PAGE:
This is the first part of a two part lecture on Islam by Alan Shlemon. Part one discusses the differences between current portrayals of Islam and the original Islam, Muslim demographics, authoritative sources in Islam, and violence in Islam.
The Western world grows more hostile to Christianity. Yet some Christians close their eyes. Why? How could they when the signs of this hostility are all around us?
Some must be thinking, “Hey, I’m okay. Why should I worry?” Or, “If it’s not my problem, it’s not a problem.” Others have no good sense of history. They don’t realize how tyranny progresses, how it takes one plot of land, then another, then advances to whole provinces and regions until it’s grabbed the whole culture.
strategy, motivation, what to do, anti-Christian hostility
Which brings us to our present unpleasant realization that from a cultural perspective, the traditionalists and conservatives have been thoroughly beaten in the war for the culture. For the most part, we never even showed up. We raised families, built farms and businesses, and attended church functions while secular revolutionaries took over the entertainment industry, the media, academia—and finally, the public education system that now dutifully serves as a conduit for secular “values.” Prayer is out, queer theory is in, and many a middle-aged conservative has found occasion recently to splutter his coffee and gape at his newspaper: “How did things change so fast?”
Christians have taken the conservative route of keeping to themselves, being responsible in home, church, and community, and leaving activism to the liberals. But Christianity is no longer status quo. If we want to preserve its influence we must stand for it. Apathy is no longer a viable option.
Isolationism. One-fourth of 18- to 29-year-olds say church demonizes everything outside church, including the music, movies, culture, and technology that define their generation.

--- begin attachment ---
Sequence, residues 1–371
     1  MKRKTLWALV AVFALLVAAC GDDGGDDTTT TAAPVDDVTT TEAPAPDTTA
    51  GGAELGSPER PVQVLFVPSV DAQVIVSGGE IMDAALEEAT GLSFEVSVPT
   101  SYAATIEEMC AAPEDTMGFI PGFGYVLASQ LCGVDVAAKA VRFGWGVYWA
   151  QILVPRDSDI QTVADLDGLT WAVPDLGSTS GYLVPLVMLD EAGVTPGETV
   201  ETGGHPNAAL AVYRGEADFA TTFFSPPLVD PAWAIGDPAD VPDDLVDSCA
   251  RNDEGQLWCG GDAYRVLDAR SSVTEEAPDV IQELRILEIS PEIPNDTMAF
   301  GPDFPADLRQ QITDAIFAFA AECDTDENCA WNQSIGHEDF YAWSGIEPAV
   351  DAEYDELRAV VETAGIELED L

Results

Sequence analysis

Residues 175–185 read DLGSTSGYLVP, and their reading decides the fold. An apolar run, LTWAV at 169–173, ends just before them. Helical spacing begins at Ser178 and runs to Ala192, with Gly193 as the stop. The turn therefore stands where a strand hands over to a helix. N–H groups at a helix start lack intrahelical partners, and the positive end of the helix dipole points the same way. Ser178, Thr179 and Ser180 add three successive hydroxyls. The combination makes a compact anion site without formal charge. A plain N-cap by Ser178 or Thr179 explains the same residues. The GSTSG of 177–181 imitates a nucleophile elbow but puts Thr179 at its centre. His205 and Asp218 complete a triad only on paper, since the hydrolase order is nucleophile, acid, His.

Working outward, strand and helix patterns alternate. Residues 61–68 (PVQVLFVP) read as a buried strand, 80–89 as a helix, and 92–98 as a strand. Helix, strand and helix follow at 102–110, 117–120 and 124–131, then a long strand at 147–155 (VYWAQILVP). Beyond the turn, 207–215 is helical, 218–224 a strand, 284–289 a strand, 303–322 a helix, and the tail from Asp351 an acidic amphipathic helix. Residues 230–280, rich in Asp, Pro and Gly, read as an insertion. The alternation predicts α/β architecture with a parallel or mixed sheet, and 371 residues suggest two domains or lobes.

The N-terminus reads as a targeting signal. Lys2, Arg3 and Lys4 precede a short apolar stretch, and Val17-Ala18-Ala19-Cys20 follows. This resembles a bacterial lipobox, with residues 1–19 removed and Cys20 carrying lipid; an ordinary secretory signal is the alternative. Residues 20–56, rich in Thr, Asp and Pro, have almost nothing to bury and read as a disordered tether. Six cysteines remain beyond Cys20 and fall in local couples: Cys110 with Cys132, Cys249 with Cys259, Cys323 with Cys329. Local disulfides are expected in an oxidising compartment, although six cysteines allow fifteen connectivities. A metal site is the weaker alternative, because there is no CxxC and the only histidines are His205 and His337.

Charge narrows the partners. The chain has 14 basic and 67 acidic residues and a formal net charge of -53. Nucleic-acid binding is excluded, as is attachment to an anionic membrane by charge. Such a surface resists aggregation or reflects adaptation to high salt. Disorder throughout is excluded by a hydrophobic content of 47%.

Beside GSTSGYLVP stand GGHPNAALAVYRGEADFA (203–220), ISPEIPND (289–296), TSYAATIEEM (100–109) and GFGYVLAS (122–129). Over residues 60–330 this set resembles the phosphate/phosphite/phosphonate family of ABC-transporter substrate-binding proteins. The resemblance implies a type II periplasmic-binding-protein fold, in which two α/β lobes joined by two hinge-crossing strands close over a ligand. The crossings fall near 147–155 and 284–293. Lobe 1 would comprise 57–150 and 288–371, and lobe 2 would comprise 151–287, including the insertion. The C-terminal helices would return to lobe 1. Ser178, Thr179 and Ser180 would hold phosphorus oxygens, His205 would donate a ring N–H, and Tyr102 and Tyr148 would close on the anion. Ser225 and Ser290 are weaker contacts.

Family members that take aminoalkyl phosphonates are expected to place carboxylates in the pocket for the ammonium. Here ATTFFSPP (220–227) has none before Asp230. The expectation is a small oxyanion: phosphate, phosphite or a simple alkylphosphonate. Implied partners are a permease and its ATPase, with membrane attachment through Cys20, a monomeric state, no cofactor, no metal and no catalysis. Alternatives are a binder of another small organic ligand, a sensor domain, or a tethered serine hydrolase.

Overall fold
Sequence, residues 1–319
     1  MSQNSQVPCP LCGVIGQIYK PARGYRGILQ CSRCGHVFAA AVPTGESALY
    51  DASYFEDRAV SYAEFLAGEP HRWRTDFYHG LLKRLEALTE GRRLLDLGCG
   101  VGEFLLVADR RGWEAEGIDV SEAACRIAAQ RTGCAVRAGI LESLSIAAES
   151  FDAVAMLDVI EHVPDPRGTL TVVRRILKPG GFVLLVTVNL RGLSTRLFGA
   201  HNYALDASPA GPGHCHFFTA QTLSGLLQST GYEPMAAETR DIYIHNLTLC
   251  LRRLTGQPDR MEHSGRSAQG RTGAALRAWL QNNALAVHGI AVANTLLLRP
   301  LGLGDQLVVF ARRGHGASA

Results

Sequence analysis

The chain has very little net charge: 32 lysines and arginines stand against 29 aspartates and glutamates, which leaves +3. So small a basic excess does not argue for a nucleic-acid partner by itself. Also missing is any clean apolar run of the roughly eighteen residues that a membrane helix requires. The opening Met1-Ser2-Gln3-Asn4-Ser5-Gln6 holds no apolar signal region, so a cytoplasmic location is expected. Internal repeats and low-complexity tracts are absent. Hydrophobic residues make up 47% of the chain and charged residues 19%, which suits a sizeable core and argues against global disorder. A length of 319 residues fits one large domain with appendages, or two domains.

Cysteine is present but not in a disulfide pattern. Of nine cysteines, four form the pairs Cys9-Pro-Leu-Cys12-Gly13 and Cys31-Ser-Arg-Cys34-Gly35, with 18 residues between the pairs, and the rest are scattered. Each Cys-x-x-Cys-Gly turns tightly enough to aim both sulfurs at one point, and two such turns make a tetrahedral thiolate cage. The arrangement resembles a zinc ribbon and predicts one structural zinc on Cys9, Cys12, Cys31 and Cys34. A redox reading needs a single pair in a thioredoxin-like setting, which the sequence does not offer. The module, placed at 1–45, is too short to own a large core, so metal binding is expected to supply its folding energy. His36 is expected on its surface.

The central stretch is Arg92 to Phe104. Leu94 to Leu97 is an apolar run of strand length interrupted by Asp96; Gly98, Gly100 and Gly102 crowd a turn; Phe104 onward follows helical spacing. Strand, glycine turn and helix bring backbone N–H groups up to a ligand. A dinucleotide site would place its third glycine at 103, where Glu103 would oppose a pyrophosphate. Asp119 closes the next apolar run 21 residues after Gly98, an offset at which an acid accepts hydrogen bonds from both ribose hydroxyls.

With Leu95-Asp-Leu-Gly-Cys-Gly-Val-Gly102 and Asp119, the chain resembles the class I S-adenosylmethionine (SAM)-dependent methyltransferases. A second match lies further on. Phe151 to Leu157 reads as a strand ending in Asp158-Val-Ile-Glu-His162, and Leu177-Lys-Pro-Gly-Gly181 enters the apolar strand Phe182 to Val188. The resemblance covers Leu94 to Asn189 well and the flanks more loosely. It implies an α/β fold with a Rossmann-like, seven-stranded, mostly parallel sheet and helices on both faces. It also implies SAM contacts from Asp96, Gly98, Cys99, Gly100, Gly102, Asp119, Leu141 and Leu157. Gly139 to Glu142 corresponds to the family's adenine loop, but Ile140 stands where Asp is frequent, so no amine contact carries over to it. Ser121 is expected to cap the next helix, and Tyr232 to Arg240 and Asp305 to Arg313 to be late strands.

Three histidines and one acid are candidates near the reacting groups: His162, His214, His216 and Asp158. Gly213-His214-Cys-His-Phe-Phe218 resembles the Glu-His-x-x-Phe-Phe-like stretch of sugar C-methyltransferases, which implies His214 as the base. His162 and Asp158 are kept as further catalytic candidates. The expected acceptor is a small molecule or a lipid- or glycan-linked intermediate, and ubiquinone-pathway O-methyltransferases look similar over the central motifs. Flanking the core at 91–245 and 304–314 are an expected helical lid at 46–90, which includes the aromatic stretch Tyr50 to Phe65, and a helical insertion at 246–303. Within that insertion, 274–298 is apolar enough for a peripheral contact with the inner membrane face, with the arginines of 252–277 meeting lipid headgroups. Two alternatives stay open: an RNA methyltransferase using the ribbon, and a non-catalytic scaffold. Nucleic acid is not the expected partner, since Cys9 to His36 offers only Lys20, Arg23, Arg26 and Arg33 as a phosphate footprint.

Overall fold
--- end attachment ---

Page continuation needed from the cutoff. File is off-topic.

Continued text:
Shallowness. One-third call church boring, about one-fourth say faith is irrelevant and Bible teaching is unclear. One-fifth say God is absent from their church experience.
Anti-science. Up to one-third say the church is out of step on scientific developments and debate.
Sex. The church is perceived as simplistic and judgmental. For a fifth or more, a “just say no” philosophy is insufficient in a techno-porno world. Young Christian singles are as sexually active as their non-churched friends, and many say they feel judged.
Exclusivity. Three in 10 young people feel the church is too exclusive in this pluralistic and multi-cultural age. And the same number feel forced to choose between their faith and their friends.
Doubters. The church is not a safe place to express doubts say over one-third of young people, and one-fourth have serious doubts they’d like to discuss.
Why apologetics? Well, the Bible commands it, the culture demands it, the Church needs it, and the results confirm it. Taken individually, each reason should motivate us to engage in apologetics. However, taken all together, these provide a powerful apologetic for apologetics.
Pew Reseae b polled "nones," Pell,e who d I nt identify with any religious tradition, who answered they questioned a lot of religious teaching or disliked Cheistians' social and political positions. But this 2018 poll didn't allow them to answer in their own words, as Pew had in a 2016 survey, in which the predominant answer was that people didn't think Christian ity was true. This shows we need to strategize to teach the truth of the faith.
"Christians have yet to fully assess the pressures of growing up in a pluralistic society. We are not sure what do with the feelings we have. The doubts that fill our hearts seem unsettling at best and horrific and unspeakable at worst. For many young Christians, an open ear does not exist, and the church has been of little help. Young people are not sure what to do or where to go. This has left me wondering: have we unknowingly aided our youth in their secularizing flight from God? If so, what can we do?"